NEW YORK (AP) — Bernard Madoff's former operations chief testified Tuesday that he trusted a boss who "seemed to have the respect of the entire world" during the more than four decades they worked together before Madoff confessed to orchestrating a massive Ponzi scheme.
"Now, I think he's a terribly ill man, and it's difficult to reconcile everything I knew for 40 years and what I know now," the former employee, Daniel Bonventre, told a federal jury in New York City.
He was defending himself against charges that he joined Madoff in a fraud that cheated thousands of people out of nearly $20 billion.
The 68-year-old defendant — one of five ex-Madoff employees on trial — spoke admiringly at times about Madoff even as he firmly distanced himself from his boss's crimes.
"He was generous, kind, considerate ... always seemed to have the right answer," Bonventre said. "He seemed to have the respect of the entire world."
Madoff, 75, is serving a 150-year prison sentence after admitting that the trades listed on statements mailed to investors in his private investment business were fabricated for decades.
Bonventre said he directed the legitimate side of Madoff's business that competed with the New York Stock Exchange to process trades, sometimes a half-billion daily in the company's last decade.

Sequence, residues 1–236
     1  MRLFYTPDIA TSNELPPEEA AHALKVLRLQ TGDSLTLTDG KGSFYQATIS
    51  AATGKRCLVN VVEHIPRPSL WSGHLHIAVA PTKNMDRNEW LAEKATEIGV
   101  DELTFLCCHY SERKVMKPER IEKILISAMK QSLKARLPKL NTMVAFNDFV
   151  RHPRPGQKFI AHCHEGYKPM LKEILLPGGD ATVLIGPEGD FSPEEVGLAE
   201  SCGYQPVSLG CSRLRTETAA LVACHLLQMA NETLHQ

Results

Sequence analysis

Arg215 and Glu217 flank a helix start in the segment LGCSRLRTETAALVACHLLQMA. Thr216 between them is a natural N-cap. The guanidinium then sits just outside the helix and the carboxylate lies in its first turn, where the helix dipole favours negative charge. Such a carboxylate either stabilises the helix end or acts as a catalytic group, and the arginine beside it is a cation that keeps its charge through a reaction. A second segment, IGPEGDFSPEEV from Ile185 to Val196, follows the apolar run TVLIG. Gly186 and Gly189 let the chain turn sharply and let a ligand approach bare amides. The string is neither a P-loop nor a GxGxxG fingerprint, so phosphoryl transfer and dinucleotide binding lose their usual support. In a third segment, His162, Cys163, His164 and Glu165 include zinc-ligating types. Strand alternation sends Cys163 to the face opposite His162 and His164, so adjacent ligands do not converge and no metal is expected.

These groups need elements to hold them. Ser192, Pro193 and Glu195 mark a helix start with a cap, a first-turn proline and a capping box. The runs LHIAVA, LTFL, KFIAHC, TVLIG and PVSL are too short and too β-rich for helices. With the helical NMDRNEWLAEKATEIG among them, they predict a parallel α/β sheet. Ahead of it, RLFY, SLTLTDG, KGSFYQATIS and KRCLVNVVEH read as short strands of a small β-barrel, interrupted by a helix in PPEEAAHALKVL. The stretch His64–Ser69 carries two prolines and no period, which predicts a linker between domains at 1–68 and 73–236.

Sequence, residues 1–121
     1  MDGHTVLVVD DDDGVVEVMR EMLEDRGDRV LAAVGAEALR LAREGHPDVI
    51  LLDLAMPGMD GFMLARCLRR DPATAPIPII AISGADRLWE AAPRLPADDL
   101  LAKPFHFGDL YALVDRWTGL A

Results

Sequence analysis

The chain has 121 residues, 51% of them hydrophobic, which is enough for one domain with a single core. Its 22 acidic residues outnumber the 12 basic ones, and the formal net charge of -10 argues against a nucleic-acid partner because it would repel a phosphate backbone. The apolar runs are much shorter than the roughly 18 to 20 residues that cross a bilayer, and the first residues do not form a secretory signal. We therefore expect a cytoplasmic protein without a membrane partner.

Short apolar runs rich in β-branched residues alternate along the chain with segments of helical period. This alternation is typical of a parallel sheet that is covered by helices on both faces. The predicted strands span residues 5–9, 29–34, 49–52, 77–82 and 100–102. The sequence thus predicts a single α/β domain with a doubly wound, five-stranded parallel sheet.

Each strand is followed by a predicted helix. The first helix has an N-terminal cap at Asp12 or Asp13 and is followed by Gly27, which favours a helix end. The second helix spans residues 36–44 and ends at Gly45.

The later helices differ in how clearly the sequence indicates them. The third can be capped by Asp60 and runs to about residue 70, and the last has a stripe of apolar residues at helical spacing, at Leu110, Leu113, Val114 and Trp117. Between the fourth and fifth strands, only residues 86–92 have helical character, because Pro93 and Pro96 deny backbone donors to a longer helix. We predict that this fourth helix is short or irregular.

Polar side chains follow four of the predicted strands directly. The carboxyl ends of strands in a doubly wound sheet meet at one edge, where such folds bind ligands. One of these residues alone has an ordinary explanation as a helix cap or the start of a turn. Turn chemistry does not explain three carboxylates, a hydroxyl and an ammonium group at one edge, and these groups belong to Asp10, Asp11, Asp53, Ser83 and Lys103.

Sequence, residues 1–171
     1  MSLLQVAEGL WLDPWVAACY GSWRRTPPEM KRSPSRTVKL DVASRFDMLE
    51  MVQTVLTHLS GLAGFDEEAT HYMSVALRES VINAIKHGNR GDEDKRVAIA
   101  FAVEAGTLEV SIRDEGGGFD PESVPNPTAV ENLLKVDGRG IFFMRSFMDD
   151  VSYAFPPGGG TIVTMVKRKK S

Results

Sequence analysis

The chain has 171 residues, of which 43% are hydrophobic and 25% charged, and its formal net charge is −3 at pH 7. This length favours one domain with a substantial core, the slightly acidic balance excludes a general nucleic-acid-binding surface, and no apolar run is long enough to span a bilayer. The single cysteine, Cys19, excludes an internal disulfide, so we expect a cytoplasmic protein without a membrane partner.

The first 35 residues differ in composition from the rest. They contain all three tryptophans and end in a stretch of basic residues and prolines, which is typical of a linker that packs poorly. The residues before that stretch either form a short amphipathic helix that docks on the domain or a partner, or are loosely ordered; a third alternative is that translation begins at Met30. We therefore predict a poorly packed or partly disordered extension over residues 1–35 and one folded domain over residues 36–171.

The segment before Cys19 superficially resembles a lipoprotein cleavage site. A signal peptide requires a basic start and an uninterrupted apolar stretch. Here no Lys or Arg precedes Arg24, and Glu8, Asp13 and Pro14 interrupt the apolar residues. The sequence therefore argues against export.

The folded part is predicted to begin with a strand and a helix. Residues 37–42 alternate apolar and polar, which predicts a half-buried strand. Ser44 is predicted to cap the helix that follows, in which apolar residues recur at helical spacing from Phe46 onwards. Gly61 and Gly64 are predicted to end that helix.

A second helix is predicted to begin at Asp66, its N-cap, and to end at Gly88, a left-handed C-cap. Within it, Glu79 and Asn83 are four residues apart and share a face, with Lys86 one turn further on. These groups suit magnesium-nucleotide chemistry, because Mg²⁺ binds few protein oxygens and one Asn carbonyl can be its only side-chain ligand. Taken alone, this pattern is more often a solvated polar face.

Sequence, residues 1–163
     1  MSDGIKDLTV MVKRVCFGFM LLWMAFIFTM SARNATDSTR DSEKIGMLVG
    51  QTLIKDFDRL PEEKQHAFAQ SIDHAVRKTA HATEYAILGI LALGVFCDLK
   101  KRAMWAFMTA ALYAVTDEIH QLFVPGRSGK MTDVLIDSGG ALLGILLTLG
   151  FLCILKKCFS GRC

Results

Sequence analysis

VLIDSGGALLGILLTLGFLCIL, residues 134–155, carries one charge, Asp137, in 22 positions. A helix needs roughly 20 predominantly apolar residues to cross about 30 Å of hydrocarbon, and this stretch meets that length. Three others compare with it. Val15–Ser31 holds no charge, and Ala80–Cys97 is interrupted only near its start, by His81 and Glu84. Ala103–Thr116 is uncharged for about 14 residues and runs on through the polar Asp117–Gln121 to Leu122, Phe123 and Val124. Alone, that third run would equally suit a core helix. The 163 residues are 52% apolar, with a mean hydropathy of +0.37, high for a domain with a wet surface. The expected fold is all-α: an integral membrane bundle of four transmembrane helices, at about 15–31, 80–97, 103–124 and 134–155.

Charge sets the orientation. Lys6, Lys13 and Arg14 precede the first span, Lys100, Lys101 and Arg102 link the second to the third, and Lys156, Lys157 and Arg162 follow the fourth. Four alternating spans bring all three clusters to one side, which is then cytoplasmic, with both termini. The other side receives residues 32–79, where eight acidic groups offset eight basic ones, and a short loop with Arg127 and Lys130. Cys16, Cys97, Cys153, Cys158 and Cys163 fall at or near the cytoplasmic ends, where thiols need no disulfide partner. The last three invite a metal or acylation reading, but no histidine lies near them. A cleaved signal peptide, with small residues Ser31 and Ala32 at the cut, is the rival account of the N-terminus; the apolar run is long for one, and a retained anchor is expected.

He said he knew nothing about Madoff's deceit, only learning about the arrest when one of Madoff's sons called him to say FBI agents and regulators were at Madoff's offices.
Raised in Brooklyn, Bonventre said he started working for Madoff in 1968 as a clerk, rising to director of operations, a title he gave himself because customers wanted to know his role.
Bonventre said Madoff was "extremely intelligent" and noted his achievements in the industry, including his stint as NASDAQ chairman.
He testified that Madoff had helped get his wife top medical care when she had heart trouble and recounted other examples of his generosity.
"He appeared to be the most magnanimous, caring individual," Bonventre said. "... Amazing to watch, a very empathetic individual. At least that's how he appeared."
Bonventre recalled celebrities, members of Congress and wealthy individuals at the company's offices, all waiting to see Madoff.
Bonventre said Madoff cursed and screamed at him "with some frequency, at the drop of a hat," and considered office humor making fun of the weight, height, clothing and hair of his workers.
Madoff's jokes, Bonventre recalled, "could be cruel."
He said his side of the business had $700 million in assets, leading him to believe Madoff was worth more than $1 billion.
In hindsight, he said, he suspects Madoff lied to him every day.